Policy Documents

A Closer Examination of the Total State and Local Business Tax Burden

Robert Cline, William Fox, Tom Neubig, and Andrew Phillips –
January 3, 2003

Corporate profits declined by 8 percent between 1999 and the middle of 2002, but state and local taxes on business rose by 6 percent over the same period. Business taxes have increased even during a time of falling corporate profitability because corporate income taxes are but one of the many taxes paid by businesses to state and local governments. 

These state and local taxes include:

• Property taxes on business property,
• Sales and excise taxes paid by business (not consumers) on business purchases,
• Corporate income taxes,
• Unemployment insurance and workers’ compensation taxes, and
• Business license taxes.

In fiscal year 2002, businesses paid $378.9 billion in state and local taxes, representing 41% of total state and local taxes. Total state and local business taxes exceeded personal income taxes by 85 percent and all other state and local non-business taxes by 14 percent.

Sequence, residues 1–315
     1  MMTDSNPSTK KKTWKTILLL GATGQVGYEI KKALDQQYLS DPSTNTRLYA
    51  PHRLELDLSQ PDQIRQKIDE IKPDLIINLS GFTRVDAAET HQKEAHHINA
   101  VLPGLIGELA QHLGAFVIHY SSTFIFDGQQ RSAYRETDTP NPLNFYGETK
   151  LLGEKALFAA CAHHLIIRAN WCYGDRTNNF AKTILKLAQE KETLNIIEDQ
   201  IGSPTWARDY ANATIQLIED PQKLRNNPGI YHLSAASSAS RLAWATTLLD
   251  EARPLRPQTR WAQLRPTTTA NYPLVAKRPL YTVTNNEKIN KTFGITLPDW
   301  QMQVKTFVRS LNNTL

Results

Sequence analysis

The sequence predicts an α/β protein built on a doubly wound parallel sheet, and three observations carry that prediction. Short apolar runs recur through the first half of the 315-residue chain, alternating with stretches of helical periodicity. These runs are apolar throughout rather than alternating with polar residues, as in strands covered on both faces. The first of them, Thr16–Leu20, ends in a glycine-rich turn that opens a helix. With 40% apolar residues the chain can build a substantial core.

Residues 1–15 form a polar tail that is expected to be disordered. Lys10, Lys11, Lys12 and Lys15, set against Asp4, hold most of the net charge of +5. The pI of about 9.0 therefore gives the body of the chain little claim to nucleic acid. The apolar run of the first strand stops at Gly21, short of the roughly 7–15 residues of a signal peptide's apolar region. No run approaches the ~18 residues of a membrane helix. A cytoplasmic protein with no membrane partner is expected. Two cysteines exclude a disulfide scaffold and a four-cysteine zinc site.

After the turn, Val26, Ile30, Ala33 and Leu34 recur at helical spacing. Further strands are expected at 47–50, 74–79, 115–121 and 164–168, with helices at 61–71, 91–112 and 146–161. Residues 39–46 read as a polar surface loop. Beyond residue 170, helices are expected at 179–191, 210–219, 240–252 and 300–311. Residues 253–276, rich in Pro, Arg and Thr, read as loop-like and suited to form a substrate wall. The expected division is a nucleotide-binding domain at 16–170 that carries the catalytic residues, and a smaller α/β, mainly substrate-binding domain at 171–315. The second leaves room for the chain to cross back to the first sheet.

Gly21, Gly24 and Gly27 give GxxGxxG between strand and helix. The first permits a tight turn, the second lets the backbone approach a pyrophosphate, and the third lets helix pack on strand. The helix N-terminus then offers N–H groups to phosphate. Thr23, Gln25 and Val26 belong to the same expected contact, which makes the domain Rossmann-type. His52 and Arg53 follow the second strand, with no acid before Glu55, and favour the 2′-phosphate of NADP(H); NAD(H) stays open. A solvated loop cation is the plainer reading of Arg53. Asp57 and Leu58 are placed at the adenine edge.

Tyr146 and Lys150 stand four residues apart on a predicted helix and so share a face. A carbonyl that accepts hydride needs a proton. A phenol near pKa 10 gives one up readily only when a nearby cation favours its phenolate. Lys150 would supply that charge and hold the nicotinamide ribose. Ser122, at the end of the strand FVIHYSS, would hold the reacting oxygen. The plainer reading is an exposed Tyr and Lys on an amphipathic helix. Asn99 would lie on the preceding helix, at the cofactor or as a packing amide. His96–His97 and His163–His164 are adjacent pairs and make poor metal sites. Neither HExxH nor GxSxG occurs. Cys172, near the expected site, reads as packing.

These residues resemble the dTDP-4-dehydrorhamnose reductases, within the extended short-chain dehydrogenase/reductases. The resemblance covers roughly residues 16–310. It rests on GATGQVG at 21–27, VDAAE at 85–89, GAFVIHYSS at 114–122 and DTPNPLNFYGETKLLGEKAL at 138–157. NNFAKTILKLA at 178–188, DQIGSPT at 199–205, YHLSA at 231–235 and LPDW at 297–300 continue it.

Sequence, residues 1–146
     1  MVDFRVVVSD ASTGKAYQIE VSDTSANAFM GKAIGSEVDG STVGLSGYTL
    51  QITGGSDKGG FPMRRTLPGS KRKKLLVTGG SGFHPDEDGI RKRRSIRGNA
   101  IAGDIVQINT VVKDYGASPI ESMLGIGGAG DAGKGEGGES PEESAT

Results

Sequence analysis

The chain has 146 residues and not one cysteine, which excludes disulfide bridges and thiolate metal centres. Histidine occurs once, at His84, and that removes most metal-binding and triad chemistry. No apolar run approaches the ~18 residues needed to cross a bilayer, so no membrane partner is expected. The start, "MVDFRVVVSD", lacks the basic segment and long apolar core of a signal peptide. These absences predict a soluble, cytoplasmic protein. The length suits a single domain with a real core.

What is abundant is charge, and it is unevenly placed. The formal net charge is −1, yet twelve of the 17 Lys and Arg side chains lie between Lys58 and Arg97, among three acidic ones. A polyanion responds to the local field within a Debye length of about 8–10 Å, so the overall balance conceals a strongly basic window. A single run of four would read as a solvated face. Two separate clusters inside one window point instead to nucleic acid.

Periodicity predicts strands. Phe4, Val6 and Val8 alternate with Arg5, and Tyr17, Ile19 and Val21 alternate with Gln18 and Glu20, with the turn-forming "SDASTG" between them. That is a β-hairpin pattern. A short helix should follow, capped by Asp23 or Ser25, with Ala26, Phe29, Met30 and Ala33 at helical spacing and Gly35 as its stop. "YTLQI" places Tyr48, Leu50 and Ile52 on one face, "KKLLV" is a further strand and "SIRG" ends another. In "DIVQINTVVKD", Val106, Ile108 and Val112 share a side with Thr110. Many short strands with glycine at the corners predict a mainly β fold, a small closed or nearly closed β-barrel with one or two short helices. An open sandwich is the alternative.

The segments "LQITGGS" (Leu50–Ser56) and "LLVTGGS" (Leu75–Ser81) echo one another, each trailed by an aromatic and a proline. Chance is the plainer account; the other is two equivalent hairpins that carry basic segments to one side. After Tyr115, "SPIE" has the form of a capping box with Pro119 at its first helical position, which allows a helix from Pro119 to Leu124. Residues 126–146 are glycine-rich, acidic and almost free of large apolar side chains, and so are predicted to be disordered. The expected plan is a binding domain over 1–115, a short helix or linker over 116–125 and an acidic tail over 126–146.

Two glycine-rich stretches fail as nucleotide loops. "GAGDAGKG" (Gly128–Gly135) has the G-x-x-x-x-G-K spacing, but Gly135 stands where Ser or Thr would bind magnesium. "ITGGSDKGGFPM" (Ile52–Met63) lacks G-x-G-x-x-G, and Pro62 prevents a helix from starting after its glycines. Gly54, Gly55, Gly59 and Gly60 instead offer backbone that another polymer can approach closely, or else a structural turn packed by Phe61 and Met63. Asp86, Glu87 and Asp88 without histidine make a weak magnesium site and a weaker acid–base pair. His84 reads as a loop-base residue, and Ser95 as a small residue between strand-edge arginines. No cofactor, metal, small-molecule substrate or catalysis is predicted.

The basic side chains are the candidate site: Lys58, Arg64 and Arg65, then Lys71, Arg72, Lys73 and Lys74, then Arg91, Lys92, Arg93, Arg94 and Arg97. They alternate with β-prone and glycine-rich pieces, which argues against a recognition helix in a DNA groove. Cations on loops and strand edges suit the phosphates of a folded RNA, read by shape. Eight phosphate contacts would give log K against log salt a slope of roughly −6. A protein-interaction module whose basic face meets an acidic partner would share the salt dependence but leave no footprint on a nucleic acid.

Large corporations (as represented by the Fortune 1000) provided 20 percent of private-sector jobs, yet paid 46.7% of total state and local business taxes. Combined state and local business taxes have grown significantly during the past two decades. Total business state and local taxes have increased from $113 billion in 1980 to $379 billion in FY2002, an average annual growth rate of 5.8 percent a year.

Although state and local business taxes as a whole have steadily risen, several recent studies have discussed the decline in the relative importance to state revenue systems of one of those taxes—the corporate income tax. The corporate income tax has declined in relative importance during the past two decades for a number of reasons. These include the sharp increase in capital gains taxes paid by individuals in the 1990s, plus the growth of noncorporatebusiness entities, including S corporations and limited liability partnerships, which are taxed only at the individual taxpayer level.

Due to the shift in income from C corporations to these “pass-through” business entities, a growing portion of business income tax collections are reported on individual income tax returns. Taxes paid at the individual level on pass-through business income have grown from $6.2 billion in 1980 to $41.8 billion in 1999 (the latest year data is available). The annual growth rate of business taxes, including pass-through business taxes, was 6.5 percent through 1999. Including these taxes on pass-through business income, business paid 46.1% of totalstate and local taxes.

The remainder of this study provides comprehensive estimates of the total state and local taxes paid by businesses.